8) Government to discourage teaching of sign language in primary schools? The previous Government effectively told NDCS that sign language had a lower status than other languages and put in place a policy that would discourage primary schools from teaching it if they wanted to. Happily, the policy never came into effect. Encouragingly, work is now in train to allow students to study a GCSE in sign language and government officials have indicated that students would be allowed to study this as a language on par with other languages.

7) Shameless: new deaf character on the telly. Ahh, Shameless! Louis Kissaun, a deaf young actor, popped up on Shameless for a few episodes a few years back. I went round telling everyone that his character was a great deaf role model before discovering that his character ends up bludgeoning his Dad to death. Nice. Louis went on to lend his support to NDCS at party conferences and was fantastic at lobbying as he was at acting.

6) David Cameron challenged on special educational needs and inclusion. A parent of a disabled child briefly lit up the general election campaign in 2010 by having a go at David. It made for entertaining viewing but also highlighted the Conservative party’s policies on inclusion in education and whether there is, as the Conservative party says, a bias towards inclusion.

5) Am I deaf or what? A brief and personal blog thinking aloud about how deaf people refer to themselves. Judging by the number of views, it resonated with a lot of people.

4) Bling but dodgy new Naida hearing aids. I love my Naida hearing aids. Unfortunately, I had a few teething problems. And I wasn’t alone. Happily, now all largely sorted for me and hopefully for everyone else.

3) Government turns back on deaf children. As soon as I published this blog – around 2 months ago – my hits went through the roof. I was pretty angry (and still am) about the current Government’s Welfare Reform Bill which will reduce benefits in the future for deaf and other disabled children. The Bill is now law. A related blog encouraged people to hold their MP to account if they voted to cut the benefit. I was really gratified to get emails from parents who had done just that.

2) No equality for disabled people in exams. This was a pretty technical issue. But in a nutshell, the previous Government passed legislation that would make it harder for deaf young people to have reasonable adjustments provided for them in exams and effectively loaded the system against them.

1) Deaf young people reach for the stars. One of the major perks of my job at NDCS is the opportunity to meet deaf young people and see what they have to say. A long long time ago, NDCS brought together a group of deaf young people to learn about media and campaigning. It was called “Reach for the Stars”. The young people were an inspiring bunch of guys keen to change the world. And a certain BBC Newsround presenter, with hearing loss himself, Ricky Boleto came along to offer some tips. Ricky is now running the London Marathon for NDCS and the young people are, I hope, changing the world, in their own little ways.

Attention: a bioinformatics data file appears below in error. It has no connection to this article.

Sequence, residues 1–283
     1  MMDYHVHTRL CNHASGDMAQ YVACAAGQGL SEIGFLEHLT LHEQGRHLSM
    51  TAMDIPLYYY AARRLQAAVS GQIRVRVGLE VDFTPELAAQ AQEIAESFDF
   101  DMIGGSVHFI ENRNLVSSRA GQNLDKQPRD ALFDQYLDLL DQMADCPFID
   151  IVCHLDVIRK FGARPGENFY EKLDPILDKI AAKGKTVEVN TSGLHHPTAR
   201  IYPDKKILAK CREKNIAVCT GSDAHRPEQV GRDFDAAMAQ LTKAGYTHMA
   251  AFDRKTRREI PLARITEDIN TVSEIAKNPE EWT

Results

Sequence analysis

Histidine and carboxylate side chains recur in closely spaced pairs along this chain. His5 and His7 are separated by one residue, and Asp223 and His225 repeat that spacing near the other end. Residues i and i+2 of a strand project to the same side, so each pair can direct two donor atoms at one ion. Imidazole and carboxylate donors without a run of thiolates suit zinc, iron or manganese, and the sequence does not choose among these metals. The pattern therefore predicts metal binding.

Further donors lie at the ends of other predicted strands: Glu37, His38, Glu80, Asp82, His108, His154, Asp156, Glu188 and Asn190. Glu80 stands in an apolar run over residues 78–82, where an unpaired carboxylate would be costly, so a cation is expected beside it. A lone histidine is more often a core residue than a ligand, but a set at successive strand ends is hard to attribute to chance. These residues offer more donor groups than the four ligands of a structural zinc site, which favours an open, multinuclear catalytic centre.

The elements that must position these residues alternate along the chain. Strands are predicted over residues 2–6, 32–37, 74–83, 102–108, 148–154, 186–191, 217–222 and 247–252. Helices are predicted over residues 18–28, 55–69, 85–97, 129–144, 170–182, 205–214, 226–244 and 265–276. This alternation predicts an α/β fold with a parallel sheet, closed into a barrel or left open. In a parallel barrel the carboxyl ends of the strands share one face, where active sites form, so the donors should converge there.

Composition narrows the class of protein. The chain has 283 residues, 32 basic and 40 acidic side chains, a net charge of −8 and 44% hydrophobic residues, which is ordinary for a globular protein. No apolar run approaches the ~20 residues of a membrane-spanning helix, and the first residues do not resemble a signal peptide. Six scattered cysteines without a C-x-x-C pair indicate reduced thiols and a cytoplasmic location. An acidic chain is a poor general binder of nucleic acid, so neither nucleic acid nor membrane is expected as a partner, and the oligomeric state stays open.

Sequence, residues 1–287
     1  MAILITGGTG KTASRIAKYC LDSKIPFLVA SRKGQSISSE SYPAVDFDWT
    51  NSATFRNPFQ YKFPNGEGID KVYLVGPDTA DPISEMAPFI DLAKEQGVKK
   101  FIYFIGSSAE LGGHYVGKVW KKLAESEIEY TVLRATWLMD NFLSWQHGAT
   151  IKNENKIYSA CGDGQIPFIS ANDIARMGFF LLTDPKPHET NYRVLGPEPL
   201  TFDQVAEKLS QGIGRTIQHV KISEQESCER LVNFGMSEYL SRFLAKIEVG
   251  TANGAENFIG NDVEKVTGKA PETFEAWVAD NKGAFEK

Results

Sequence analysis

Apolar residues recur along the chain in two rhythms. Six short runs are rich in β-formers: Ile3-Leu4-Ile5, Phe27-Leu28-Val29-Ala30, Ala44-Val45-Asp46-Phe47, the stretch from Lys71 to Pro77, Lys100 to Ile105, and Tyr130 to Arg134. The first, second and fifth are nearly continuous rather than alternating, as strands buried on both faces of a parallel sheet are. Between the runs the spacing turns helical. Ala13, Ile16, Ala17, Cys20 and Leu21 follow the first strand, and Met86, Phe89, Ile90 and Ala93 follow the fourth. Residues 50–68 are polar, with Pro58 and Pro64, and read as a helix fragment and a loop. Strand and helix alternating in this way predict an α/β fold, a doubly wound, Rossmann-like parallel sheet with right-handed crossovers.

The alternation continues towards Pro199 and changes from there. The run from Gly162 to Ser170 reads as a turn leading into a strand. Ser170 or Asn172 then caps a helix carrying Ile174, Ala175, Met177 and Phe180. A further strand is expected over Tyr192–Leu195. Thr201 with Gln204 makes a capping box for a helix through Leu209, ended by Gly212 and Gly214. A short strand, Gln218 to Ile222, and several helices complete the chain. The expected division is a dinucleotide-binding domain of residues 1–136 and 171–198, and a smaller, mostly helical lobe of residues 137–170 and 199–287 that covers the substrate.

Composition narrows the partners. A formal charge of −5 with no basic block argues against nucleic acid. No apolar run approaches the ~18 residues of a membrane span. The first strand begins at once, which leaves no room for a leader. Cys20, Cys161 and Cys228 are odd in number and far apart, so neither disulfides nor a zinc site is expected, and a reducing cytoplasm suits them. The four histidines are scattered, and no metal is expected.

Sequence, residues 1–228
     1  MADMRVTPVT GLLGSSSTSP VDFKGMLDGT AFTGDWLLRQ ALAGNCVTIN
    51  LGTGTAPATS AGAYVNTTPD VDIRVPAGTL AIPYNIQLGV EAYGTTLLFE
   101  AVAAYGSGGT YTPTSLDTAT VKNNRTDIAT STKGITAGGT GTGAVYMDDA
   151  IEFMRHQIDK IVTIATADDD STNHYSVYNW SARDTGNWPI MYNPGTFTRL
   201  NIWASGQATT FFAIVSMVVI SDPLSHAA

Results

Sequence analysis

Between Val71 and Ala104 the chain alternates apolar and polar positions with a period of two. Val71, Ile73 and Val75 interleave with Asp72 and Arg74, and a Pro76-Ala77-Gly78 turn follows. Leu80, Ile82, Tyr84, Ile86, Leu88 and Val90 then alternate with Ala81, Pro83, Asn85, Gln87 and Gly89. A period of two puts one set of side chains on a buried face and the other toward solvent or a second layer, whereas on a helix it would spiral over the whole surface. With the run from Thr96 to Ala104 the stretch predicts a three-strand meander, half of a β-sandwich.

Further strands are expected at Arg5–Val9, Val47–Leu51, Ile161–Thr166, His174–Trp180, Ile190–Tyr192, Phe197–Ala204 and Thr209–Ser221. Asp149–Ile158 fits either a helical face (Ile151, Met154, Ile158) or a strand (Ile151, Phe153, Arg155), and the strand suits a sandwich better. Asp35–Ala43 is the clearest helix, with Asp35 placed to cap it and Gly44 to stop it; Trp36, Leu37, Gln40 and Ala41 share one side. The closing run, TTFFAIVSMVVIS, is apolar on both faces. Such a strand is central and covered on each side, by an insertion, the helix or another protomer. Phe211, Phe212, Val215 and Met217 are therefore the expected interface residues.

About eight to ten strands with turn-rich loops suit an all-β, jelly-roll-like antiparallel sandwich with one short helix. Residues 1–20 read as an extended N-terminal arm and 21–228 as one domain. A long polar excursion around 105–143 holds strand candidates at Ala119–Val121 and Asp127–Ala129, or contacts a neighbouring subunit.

So what have we learnt from the past few years of blogging, apart from the fact that I can’t spot a typo staring me in the face? Well, a lot of you are angry about the various injustices faced by deaf children and keen to do something about it. You’re also keen to see positive deaf role models and examples of deaf people getting on with life and showing what they can achieve.

When I started doing the blog, there were hardly any other blogs around looking at issues facing deaf children. So it’s great to see lots of new blogs in this area since then; such as from Ni Gallant and Kids Audiologist.

As for me, I’ve now moved to a different role in NDCS, working on policy and research so my ability to waffle endlessly is more constrained than it used to be and, sadly, there won’t be as many blogs from me as they used to be. But my blogging days are far from over and I also contribute from time to the great new The Limping Chicken super blog. I also do a fair bit of tweeting where I can get away with it.

Nostalgia-fest over! I hope you’ve enjoyed all the blogs. Thanks for reading and for all your comments over the years.

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Rita Simons and informed choice

Posted by Ian Noon on March 21, 2012